Continuing with the reprise of this series. This post was originally posted July 19, 2007. I redid the layout slightly, so that I hope it is easier to read.
- Age 50 yrs or older, Male, Fair Skin (burns easily, very or rarely tans)
- Geography–lives closer to the equator (Florida, Australia)
- History of prior non-melanoma skin cancer
- Exposure to UV light--natural or tanning bed or treatment (psoralen plus UVA (PUVA) for psoriasis
- Exposure to chemical carcinogens (arsenic, tar)
- Radiation exposure–treatment for other cancers (lymphomas, etc)
- Chronic immunosuppression–a history of solid-organ transplantation, hematologic malignancy (CLL), HIV infection or long-term use of immunosuppressive medications for an autoimmune condition
- Chronic scarring condition–Marjolin ulcer refers to an SCC that arises from chronically scarred or inflamed skin. Patients may report a change in the skin (induration, ulceration, weeping) at the site of a preexisting scar or ulcer. The latency period is often 20-30 years. Major burn scars. Chronic venous ulcers. Not scars from simple lacerations.
- Genodermatoses -- Human Papilloma Virus (HPV) infections–Virally induced SCC most commonly manifests as a new or enlarging warty growth on the penis, vulva, perianal area, or periungual region. Patients often present with a history of "warts" that have been refractory to various treatment modalities in the past.
Warning signs: (credit -- photo examples)
- A wart-like growth that crusts and occasionally bleeds.
- A persistent, scaly red patch with irregular borders that sometimes crusts or bleeds
- An open sore that bleeds and crusts and persists for weeks.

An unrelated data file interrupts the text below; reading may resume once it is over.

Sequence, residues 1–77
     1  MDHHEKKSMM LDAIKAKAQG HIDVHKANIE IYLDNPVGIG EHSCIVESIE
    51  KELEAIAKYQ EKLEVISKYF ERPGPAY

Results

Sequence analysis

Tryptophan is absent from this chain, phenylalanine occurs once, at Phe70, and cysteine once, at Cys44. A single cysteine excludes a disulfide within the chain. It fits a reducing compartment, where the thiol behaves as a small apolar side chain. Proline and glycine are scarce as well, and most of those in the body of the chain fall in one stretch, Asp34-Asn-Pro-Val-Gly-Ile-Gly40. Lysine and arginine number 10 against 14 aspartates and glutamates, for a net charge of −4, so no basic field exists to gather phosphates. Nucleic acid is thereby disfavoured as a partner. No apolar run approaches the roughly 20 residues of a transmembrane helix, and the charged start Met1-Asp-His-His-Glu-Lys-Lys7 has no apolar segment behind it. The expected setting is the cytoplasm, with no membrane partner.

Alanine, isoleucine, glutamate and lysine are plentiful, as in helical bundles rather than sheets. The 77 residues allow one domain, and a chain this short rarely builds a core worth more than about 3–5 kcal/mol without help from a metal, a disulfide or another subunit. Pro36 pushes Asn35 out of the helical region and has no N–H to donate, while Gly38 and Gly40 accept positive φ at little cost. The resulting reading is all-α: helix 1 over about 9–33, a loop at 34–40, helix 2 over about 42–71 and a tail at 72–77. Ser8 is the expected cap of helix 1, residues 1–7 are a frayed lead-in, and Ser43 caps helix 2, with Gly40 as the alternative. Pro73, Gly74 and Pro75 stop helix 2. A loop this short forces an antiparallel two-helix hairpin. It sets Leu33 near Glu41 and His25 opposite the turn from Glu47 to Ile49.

- An elevated growth with a central depression that occasionally bleeds. A growth of this type may rapidly increase in size.
Treatment Modalities are similar to those of BCC (see yesterday's post).
Most SCCs are readily treated with an expectation of cure. The 3-year disease-specific survival rate has recently been estimated to be 85%; this rate approaches 100% for lesions with no high-risk factors (see below), but it decreases to 70% for patients with at least 1 risk factor.
- Tumor location (ie, lips,ears, scar)--The historical rates of metastases for SCC of the external ear and the lip are approximately 11% and 10-14%, respectively. Marjolin ulcer subtype of SCC behaves aggressively, with a metastatic rate of approximately 18-38%.
- Tumor size greater than 2 cm –These may have a metastatic rate of up to 30.3%.
- Invasion to subcutaneous fat (or deeper) --SCC with a depth of less than 2 mm rarely metastasizes. SCC with a depth of invasion less than 4 mm has a historical recurrence rate of 5.3% and a metastasis rate of 6.7%; these rates increase to 17.2% and 45.7%, respectively, for tumors invading greater than 4 mm.
- Poorly differentiated tumor – are generally accepted to behave more aggressively.
- Recurrent tumor-- has a site-dependent rate of metastasis of 25-45%.
- Perineural involvement --has been estimated to occur in 2.4-14% of persons with cutaneous SCC, most commonly in elderly men with tumors of the head and neck. The prognosis in such cases is extremely poor, with historical rates of local recurrence and metastasis reported to be as high as 47%.
- Organ transplant recipient --SCC in OTRs occurs more frequently, appears at an earlier age, is often multicentric, and may be clinically aggressive. The rate of local recurrence has been reported to be as high as 13.4%, while metastasis occurs in 5-8% of patients. Metastatic SCC in OTRs has a dismal prognosis, with a 3-year disease-specific survival of only 56%.
- Hematologic malignancy (eg, CLL) --in patients with CLL, the recurrence rate of SCC treated with MMS was 7-fold higher at 5 years compared with patients without CLL. In addition, a small case-control study found the 5-year cumulative incidence of SCC metastasis to be 17.7% for patients with CLL.
- Chronic immunosuppressive therapy or disease state: HIV infection or AIDS--In one small case series, 5 of 10 patients with HIV and aggressive SCC died of metastasis within 7 years of the initial diagnosis.